Is it a planned scam?
One of the things an honest HVAC contractor hates most is to hear homeowner stories of scams or high-pressure sales.
“We have been given first hand reports of techs who have been instructed by their boss to ‘upsell’ clients when they get on the job. In fact, some contractors actually have upsell training sessions and must meet certain requirements. These technicians may be penalized if they don’t aggressively push services or products. Offering a client a solution, and then unnecessarily upselling them for the sake of a higher revenue, is bad customer service,” says Fred Ridler, president of ABEL Heating and Cooling.
What if you are tempted to choose a HVAC service company based on ‘deals’? Do they offer ‘free’ services and low-ball prices? Yes, you may save a few dollars initially, but what happens if your repaired or replaced system is compromised by dishonest upselling, or schemes?
Trusting the expert?
As consumers, no one can be expected to know the solutions to mechanical problems. Thus we turn to the experts. What can you do to be sure and find one? Do your due diligence by looking the company up on the BBB Better Business Bureau, and confirm that they rank A+. But don’t stop there. Take a moment to scroll down to the reason the BBB has given the business the A+ rating. A contractor could have as high as an A rating, and still have a list of prior customer complaints!
The below is copied from the BBB website:
Reason for Rating
BBB rating is based on 13 factors.
Factors that raised Abel Heating and Cooling’s rating include:
- Length of time business has been operating.
- No complaints filed with BBB.
When you call any company you are considering doing business with, ask if they supply references. Often customer comments can be found online, or you can take a look at reviews on Angie’s List.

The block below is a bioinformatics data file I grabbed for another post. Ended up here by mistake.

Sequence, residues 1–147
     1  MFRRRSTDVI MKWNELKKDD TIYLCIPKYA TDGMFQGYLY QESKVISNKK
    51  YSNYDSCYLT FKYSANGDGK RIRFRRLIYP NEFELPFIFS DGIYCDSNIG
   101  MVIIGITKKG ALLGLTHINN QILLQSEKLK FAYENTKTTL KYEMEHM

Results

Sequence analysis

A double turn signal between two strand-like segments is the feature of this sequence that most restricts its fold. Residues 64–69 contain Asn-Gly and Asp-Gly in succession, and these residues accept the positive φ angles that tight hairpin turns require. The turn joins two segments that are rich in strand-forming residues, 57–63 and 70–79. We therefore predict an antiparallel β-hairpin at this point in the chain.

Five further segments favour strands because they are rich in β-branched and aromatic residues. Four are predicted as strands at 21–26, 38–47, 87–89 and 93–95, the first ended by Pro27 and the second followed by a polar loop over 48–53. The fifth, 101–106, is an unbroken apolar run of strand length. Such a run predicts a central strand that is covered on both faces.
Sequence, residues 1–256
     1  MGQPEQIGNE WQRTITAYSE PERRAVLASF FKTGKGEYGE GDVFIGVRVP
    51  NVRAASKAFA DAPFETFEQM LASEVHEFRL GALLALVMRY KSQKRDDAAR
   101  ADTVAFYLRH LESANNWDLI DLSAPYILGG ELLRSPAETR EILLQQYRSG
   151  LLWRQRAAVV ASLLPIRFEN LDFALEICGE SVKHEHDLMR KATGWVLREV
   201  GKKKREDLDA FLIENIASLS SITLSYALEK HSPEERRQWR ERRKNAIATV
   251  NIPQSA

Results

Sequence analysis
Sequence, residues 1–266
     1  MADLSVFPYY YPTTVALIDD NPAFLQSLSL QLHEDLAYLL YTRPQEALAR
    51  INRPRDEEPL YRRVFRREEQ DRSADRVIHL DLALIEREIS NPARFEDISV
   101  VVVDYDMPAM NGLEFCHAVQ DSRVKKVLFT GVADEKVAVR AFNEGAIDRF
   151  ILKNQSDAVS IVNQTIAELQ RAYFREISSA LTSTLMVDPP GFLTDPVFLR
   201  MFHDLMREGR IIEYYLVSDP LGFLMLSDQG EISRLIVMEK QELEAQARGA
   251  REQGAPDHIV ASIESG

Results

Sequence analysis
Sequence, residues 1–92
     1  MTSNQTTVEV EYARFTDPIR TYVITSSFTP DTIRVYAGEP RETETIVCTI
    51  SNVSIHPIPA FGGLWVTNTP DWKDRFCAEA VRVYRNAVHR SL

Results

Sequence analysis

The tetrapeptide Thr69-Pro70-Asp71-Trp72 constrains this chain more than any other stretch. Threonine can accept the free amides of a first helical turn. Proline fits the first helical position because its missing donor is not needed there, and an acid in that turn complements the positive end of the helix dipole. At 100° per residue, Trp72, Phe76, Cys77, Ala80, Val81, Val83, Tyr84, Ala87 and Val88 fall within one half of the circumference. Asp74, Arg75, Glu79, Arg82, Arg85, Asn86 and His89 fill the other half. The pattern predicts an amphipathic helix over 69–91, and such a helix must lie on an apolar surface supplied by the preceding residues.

How do you know if you’re being told the truth?
Does the service representative fully explain the problem with your system, then offer a variety of solutions? Or do they give you a vague (especially fatal) diagnosis with just one option or remedy? At ABEL, we thoroughly explain the problem with your system, then give a clear outline of your options.
Getting a second opinion can often avoid scams by verifying the claims made for repairing or replacing your HVAC equipment.
What are some of these potential false claims?
- You receive telemarketing solicitations, a flyer, or a knock on the door announcing “We’re in the neighborhood…” and they offer a free analysis of your system. Their advice might be that some component is going bad, you need refrigerant, or you have toxic mold.
- A contractor may tell you your heat exchanger is cracked and it will die soon.
- You are told you need a replacement part and led to think it could be expensive. You are advised to just replace the system rather than do the repair, when in reality, it could have been fixed with a relatively inexpensive part, such as a capacitor.
- Perhaps you are advised to replace a perfectly good unit.
- Does a service representative offer prices ‘too good to be true’?
- Some contractors may even charge you for parts they never actually replace.
What are your choices?
Optimally, you will want to consider the solution with the longest and highest range of performance. There may be some middle of the road choices based on efficiency and economy, or you might be able to get by with a quick, but not always permanent, fix. We at ABEL Heating & Cooling want you to know that we will work with the option you choose, and will be sure that you are fully aware of your choices and the possible outcome. In other words, our job is to find the problem with your HVAC system and create solutions. Your job is to choose one.